In a time of rampant racism and sexism, before the word feminism had entered the American lexicon, there was a culture of taboo surrounding scantily clad pin-up girls that was dominated by men with cameras. In a scenario where women were always on one side the lens, an industrious young lady made a name for herself on both. The stunning Bunny Yeager started as a swimsuit model but soon transformed herself into a powerhouse of photographic talent and sexual iconography, dissolving traditional gender roles and empowering herself through film. “Bunny Yeager’s Darkroom” from Rizzoli documents the photographer’s dynamic career guided by the artist herself.
During the golden era of pin-up photography Bunny Yeager was the queen. Her undeniable talent, combined with her beauty and unbridled sexuality, put her in a unique position to influence both the genre of pin-up photography and the role of women as photography professionals. Yeager had an innate ability to capture her subjects confidence and beauty, distilling the essence of femininity in their freedom and singular personalities. While many of her portraits fit comfortably in the mainstream, this collection features several never before seen prints that expose a behind the scenes look at her unique photographical insight.
One particularly memorable chapter documents Yeager’s extensive series of self portraits. Her desire never quelled by her success, Yeager liked being on both sides of the lens, taking pictures of herself on set as well as anywhere she could set up a tripod and remote trigger. Her self portraits served as as an introspective tool to observe herself from a photographic perspective—as she says in the book, “Just think about it: Wouldn’t it be great to see ourselves the way other people see us?” While most of us will never express the pure glamour and style of Yeager, it’s an interesting take on self analysis, especially in the days of slow to process film.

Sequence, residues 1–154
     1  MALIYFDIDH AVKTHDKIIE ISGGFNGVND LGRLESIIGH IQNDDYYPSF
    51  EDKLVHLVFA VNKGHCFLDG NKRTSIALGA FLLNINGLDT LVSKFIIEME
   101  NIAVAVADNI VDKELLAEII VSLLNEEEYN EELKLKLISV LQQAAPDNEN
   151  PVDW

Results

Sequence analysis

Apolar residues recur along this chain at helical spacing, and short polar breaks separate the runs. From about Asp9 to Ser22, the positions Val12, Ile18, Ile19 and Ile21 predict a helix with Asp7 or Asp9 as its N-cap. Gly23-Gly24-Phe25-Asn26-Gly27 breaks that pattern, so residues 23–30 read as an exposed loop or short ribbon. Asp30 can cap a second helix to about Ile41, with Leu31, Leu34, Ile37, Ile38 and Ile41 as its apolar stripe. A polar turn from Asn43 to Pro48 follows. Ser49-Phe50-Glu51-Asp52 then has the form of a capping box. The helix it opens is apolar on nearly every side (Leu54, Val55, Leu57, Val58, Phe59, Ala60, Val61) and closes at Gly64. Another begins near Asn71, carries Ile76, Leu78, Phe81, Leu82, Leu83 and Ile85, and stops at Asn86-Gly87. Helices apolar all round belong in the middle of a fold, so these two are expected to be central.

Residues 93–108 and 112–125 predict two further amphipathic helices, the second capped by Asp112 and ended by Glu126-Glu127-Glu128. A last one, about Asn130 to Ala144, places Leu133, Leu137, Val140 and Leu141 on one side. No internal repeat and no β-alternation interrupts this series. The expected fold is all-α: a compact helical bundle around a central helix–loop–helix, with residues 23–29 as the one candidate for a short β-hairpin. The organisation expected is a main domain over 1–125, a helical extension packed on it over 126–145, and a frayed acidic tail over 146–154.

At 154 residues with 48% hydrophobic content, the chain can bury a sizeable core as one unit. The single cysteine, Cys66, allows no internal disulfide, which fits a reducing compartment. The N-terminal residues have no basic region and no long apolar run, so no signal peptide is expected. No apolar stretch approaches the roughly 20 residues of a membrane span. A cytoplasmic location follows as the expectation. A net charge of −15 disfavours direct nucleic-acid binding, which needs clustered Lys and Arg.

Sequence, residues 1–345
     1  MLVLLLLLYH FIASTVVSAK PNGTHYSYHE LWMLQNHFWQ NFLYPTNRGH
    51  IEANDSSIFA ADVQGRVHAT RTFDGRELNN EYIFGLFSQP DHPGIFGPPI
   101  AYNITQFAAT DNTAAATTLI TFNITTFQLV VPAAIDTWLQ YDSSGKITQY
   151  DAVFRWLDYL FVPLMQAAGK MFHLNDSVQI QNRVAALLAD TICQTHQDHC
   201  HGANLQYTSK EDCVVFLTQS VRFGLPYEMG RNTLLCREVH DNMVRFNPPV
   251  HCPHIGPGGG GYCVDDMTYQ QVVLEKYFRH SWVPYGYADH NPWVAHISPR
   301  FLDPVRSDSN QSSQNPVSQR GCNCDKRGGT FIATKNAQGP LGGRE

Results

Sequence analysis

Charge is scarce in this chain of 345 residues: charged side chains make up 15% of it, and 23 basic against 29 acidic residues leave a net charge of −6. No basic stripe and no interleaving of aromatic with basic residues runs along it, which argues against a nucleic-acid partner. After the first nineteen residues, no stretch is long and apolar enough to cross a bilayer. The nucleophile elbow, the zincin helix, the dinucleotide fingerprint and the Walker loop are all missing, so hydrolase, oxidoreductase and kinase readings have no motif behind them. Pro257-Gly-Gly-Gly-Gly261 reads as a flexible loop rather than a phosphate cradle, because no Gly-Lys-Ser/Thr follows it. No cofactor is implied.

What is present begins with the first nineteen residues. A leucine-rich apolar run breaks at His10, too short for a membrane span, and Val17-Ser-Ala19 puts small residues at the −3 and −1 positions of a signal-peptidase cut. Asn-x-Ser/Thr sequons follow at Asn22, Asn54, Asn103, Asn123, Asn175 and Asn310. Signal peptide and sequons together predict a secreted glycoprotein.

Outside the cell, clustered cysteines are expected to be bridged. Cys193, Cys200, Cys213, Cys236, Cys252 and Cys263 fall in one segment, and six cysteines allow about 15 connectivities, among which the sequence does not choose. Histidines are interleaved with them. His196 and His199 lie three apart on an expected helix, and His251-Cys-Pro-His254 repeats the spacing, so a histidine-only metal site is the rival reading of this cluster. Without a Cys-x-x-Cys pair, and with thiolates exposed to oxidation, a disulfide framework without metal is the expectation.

In all Yeager’s photos, you get a pure sense the fun and excitement. The scenes she created are always glamorous but also quite endearing— sexy, fun and intriguing but with a sense of ease that makes them universally irrestible.
Well before the era of pencil thin runway models, Yeager’s photographs harken back to a period of eroticism based on the classic, curvaceous feminine form. Yeager’s ability to combine sexuality and humor culminated in her iconic image of Bettie Page in nothing but at Santa cap coyly winking at the camera. It ran in Playboy magazine in 1955 and this collaboration would launch two legendary careers as well as a series of stunning portraits, some which feature the famous pinup icon in a truly unique light—showcasing her raw natural beauty.
Yeager’s photographs catalog a golden era in early American eroticism and yet seem surprisingly contemporary. Her soft touch and energetic compositions seem equally at home framing Miss March in the 50s or adorning a full page in any of today’s fashion editorials. The difference comes in her exceptional documentation of the buxom beauties of the past, paying homage to the shapes that formed the iconic idea of the American Woman. Yeager’s insight into the photographic process is invaluable and this collection serves as an excellent entry point into an exceptional woman’s lifelong mission to get the money shot.
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